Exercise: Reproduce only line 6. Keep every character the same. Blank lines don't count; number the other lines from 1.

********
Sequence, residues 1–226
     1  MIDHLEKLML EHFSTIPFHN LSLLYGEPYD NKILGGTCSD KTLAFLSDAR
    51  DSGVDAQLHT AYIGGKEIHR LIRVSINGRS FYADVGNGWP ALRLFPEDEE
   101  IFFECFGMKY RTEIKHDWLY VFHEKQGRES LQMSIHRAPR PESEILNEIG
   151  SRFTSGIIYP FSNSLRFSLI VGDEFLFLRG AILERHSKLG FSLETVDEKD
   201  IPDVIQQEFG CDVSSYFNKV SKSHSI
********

   201  IPDVIQQEFG CDVSSYFNKV SKSHSI